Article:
Technically speaking, the major U.S. benchmarks remain near-term extended — and are due a cooling-off period, if not a corrective pullback — though the more important longer-term market bias remains comfortably bullish, writes Michael Ashbaugh.
Shares of Merck & Co. Inc. were up 0.3% in midday trading Tuesday, after the health care company said it will raise its quarterly dividend by 11%. The company will pay a dividend of 61 cents a share, up from 55 cents a share, on Jan. 8 to shareholders or record on Dec. 16. Based on the current stock price, the new annual dividend rate would imply a dividend yield of 2.89%, compared with the yield for the SPDR Health Care Select Sector ETF of 1.54% and the implied yield for the S&P 500 of 1.90%. Merck's stock has slipped 2.1% over the past three months, while the health care ETF has gained 6.7%, the S&P 500 has tacked on 6.7% and the Dow Jones Industrial Average has advanced 6.9%.
U.S. stocks slipped back from record highs on Wednesday on disappointing earnings results and doubts about a U.S. - China trade deal
John Studzinski, Pimco’s managing director and vice chairman, joined a long line of Elizabeth Warren critics whose livelihood is tied to Wall Street. “If she does get the nomination, markets will be nervous about that,” he told CNBC in an interview Tuesday at the East Tech West conference in China.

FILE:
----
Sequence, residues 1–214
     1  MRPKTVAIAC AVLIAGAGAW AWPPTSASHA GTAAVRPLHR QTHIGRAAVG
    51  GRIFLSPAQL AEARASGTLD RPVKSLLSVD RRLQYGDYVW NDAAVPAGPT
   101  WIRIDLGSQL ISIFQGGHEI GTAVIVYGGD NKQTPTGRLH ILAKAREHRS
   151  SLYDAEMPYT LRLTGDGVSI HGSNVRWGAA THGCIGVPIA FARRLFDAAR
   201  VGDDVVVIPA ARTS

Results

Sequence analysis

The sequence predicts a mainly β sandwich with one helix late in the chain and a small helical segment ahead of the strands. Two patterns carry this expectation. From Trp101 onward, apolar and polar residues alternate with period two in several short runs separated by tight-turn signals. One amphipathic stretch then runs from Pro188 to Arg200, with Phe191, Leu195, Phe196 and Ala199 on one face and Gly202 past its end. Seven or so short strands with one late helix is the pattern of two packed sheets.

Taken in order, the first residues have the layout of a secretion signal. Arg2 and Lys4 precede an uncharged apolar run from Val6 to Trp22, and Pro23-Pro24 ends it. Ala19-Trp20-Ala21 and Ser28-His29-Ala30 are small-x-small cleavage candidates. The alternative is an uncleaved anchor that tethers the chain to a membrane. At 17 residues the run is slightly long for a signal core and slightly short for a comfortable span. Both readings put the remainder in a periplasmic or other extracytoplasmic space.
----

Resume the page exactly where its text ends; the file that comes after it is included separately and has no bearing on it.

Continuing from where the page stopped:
Other retail stocks also fell on the news, driving the S&P 500 retail index down 1.1%. Seven of the 11 major S&P 500 sectors were lower, with the consumer discretionary index's 0.82% drop weighing the most.
Shares of Boeing Co. took a midday dive into negative territory Tuesday, after the National Transportation Safety Board recommended a "more robust redesign" of the engine structure and its components, as it holds a board meeting to determine the probably cause of the fatal April 2018 crash of the Boeing 737-700 aircraft. The stock was up about 0.7%, then sank as much as 2.1%, before bouncing to be down just 0.1%. Boeing's stock has gained 10.5% over the past three months, while the Dow Jones Industrial Average has advanced 6.9%.